Based on a look from Helen Castillo’s Fall 2022 Collection in collaboration with Mood Fabrics, the Cerise Corset sewing pattern is gorgeously flattering and can be made in a variety of fabrics. Try yours in a stunning brocade as easily as a casual sateen, or pair it with our Cerise Corset Sewing Kit to make things easy!
Purchase Materials Used Below:
- 1 yard Gold and Pale Blue Mottled Luxury Brocade
- 1 yard White Cotton Buckram Stiffener
- 1 yard Stratton White Solid Organic Cotton Twill
- 3 pkg Dritz Nickel Grommets Size 3/8″ – 8ct
- 1 pair Foam Shoulder Pads Covered with White Polyester – 6″ x 3.5″ x .5″
- 5 yards White Rigilene – 12mm/0.5″
- MDF290 – The Cerise Corset Sewing Pattern (free download below!)
If you are between sizes or concerned with grading, you should consider adding to Center Back by cutting a second set of those panels or adding extra seam allowance to your side seams. This is an advanced pattern and we recommend that you make a fit sample in muslin first.
All seam allowances are 3/8″ unless otherwise indicated (Side seams are 5/8″)
Panels are numbers to help coordinate with the assembly process.
Note: If you would like to raise the neckline when trying on your fit sample, you can add height to the top edge by extending your pattern another 1/4″-1/2″ for modesty.
Corset Sewing Instructions:
Cut 1 set of all patterns on straight grain from your self-fabric, 1 set from the lining, and 1 set from your interfacing or stiffener.
Traditionally speaking, and what helps keep all of your layers aligned and reduces bulkiness or uneven layering of your panels – consider a ‘frame stitch’ by joining your SELF pieces individually to each of their corresponding interfacing pieces. You can do this layering technique with your lining and your interfacing pieces instead, but consider the impact that may have against your self-fabric when viewing the garment when finished.
Then assemble all of your panels aligning each by the notches. This would be a good place to consider trying on for any fit adjustments so you know what changes are necessary for your self-fabric.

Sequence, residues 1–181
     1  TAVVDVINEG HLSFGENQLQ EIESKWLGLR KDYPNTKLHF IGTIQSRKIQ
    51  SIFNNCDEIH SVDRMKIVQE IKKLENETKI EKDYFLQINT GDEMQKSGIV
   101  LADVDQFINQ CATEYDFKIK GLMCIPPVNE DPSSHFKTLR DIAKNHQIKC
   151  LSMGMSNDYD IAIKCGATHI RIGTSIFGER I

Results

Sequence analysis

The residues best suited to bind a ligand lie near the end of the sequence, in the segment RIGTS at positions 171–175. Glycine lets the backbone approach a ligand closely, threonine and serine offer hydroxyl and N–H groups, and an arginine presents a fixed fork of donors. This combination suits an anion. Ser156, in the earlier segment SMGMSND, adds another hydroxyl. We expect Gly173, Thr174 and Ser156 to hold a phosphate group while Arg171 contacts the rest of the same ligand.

Press your seam allowances open or press them toward the back and topstitch them to use as bone channels. Considering how small the sean allowances are you may want to consider using bias tape as bone channels and lay them on top of each seam. This also reinforces them.
When pressing your seam allowances, use a tailor’s ham. This helps with areas that are very curvy – along the bust seam lines and hip areas.
For my corset, I used rigilene boning and topstitched either side along with the tape at each of my seams. This also reinforces the shape or the overall piece by running along each seamline. Worth considering when doing strapless or corset-style garments to enhance the curves of the piece when it’s worn.
With both my lining and self/interfacing sets sewn, I attach them to one another along the center back, up along the top edge, and down along the other center back area – leaving the hem edge open to hand tack closed. Note: I used a set of self-fabric pieces for my last panels on the inside of the garment so my lining did not become visible when I lace up the corset.
I did an understitch along the top edge of my neckline which helped to keep that edge very clean, you would do this before closing up your center back seams.
After closing center back on the machine, clip your corners to within 1/8″ of your sewing to reduce bulk before flipping the piece right side out. Use a point turner to gently push out those corners.
Turn up and press your hem allowance 3/8″ and slip stitch by hand or topstitch by machine. You can also consider using a contrasting double-fold bias tape as a pop or color along the hem edge. I used twenty 3/8″ grommets, ten down either center back side, and made a ribbon of self-fabric for the lace-up detail!